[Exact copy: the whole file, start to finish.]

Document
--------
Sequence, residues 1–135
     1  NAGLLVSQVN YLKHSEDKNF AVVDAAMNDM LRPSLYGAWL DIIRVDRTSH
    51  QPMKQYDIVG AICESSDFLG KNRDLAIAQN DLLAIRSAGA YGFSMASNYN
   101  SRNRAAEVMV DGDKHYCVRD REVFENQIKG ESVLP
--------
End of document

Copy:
Sequence, residues 1–135
     1  NAGLLVSQVN YLKHSEDKNF AVVDAAMNDM LRPSLYGAWL DIIRVDRTSH
    51  QPMKQYDIVG AICESSDFLG KNRDLAIAQN DLLAIRSAGA YGFSMASNYN
   101  SRNRAAEVMV DGDKHYCVRD REVFENQIKG ESVLP